Metabolic Homeostasis
needing less glucose from the liver. Two ketone bodies are
acids and give rise to acidosis which is decreased by their
elimination in urine. In a 24-hour fast, a 70-kg person
hydrolyzes approximately 160 g of triacylglycerol, with
release of 160 g of fatty acid and 16 g of glycerol. The
glycerol is used for gluconeogenesis. Of the fatty acids,
approximately 40 g is metabolized to ketone bodies in
liver; the remainder and these ketone bodies provide for
the energy needs of all other tissues.
Protein Synthesis and Nitrogen Homeostasis
Protein Synthesis and Proteins as Energy Source
While carbohydrates and lipids are essential for structural
and functional needs of cells and organs, the principal
changes in their fluxes reflect fuel homeostasis and en-
ergy requirements. Protein homeostasis is different be-
cause no protein serves purely as an energy storage form.
All proteins—in addition to being potential sources of car-
bon for energy—serve some structural, catalytic, trans-
port, or regulatory function. Many fluctuations observed
in protein metabolism reflect changes in the need for the
function of that protein. Thus, in starvation the total rate
of skeletal muscle protein synthesis decreases but that of
protein degradation increases because the amounts of pro-
teases and enzymes involved in the catabolic routes for
amino acids increase. Thus, starvation stimulates the spe-
cific synthesis of some proteins.
Protein anabolism and catabolism are governed by
many forces. Some rules apply:
1. Which specific proteins are synthesized in a cell is
governed entirely by the needs or functions of the cell
at that time.
2. Synthesis of specific proteins is triggered by a specific
3. Synthesis of a specific protein may not occur if the
general “anabolic state” of the cell is low.
4. The anabolic state is reflected by metabolite
availability and the presence of anabolic or catabolic
5. Synthesis occurs if the strength of the specific trigger
overrides that of catabolic messages or other
hormones or metabolites.
. Degradation of a protein may occur if
a) the protein has no function in the cell,
b) a specific trigger to initiate degradation is present,
c) the state of the cell is sufficiently catabolic as a
result of the presence or absence of specific
metabolites or hormones.
Many hormones modulate the amounts and types of pro-
teins synthesized and their rates of degradation. One group
functions on very few target cells, e.g., TSH (thyroid-
stimulating hormone) on the thyroid gland, FSH (follicle-
stimulating hormone) and LH (luteinizing hormone) on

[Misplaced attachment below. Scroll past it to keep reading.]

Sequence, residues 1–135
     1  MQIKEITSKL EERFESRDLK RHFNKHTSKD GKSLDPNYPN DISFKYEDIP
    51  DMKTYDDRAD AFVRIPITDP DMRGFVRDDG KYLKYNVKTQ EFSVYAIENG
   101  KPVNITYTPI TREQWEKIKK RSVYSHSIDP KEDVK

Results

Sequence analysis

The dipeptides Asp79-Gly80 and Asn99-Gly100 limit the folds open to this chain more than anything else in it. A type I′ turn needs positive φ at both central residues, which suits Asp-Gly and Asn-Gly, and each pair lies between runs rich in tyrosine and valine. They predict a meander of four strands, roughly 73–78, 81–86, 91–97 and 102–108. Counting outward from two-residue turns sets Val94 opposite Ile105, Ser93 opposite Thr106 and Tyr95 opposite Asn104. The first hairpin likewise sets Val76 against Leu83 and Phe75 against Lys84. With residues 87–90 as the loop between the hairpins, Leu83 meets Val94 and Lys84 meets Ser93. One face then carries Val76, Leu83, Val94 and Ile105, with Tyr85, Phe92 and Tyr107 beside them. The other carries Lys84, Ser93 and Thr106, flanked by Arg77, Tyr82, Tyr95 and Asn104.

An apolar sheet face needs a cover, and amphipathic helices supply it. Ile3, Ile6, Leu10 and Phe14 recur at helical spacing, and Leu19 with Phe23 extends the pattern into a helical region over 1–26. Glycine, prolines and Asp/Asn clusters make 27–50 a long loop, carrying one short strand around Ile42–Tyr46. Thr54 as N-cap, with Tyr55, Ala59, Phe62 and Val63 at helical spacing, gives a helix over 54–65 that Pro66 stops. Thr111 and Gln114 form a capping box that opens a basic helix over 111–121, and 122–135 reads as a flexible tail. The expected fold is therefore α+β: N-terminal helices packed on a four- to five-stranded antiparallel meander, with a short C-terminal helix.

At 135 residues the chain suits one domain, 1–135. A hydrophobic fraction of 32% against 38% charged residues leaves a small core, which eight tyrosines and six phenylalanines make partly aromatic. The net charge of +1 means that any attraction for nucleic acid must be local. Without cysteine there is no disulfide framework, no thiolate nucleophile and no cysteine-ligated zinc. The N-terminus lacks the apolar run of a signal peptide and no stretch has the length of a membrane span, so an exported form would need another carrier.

the gonads, or ACTH (adrenocorticotropic hormone) on
the adrenals. Another group has widespread action on pro-
tein metabolism, e.g., insulin, glucocorticoids, growth hor-
mone, and thyroid hormone. Many sites of action of insulin
and glucocorticoids remain to be elucidated. Glucocorti-
coids act at the gene level and promote peripheral tissue
protein degradation, delivery of amino acids for gluconeo-
genesis, and adipocyte lipolysis.
Insulin stimulates peripheral tissue protein synthesis by
stimulating amino acid uptake and protein synthesis at the
level of translation and by inhibiting protein degradation.
At low insulin levels, muscle proteolysis occurs. As the
levels increase, proteolysis decreases and protein synthe-
sis is favored. Exercise decreases proteolysis and increases
protein synthesis, whereas disuse results in muscle wasting
and depressed protein synthesis. Exercise increases sensi-
tivity to insulin, whereas disuse makes the tissue insulin-
resistant. Obesity, pregnancy, and glucocorticoids also
increase insulin resistance.
Nitrogen Balance
Unlike most carbohydrate and lipid, protein contains nitro-
gen required for incorporation into a wide range of com-
pounds (Table 22-4). Although the synthesis of proteins
fixes nitrogen into those proteins, they are synthesized in
direct response to specific needs. Dietary protein nitro-
gen is used for the synthesis of nitrogen-containing com-
pounds in response to specific hormones suchas insulin.
T A B L E 2 2 -4
Compounds for Which Amino Acids Serve as Precursors
Amino Acid Precursor
Glycine, aspartate,
Aspartate, glutamine
Arginine, methionine
Arginine, glycine
Serotonin, melatonin
dopamine, melanin
Nitric oxide
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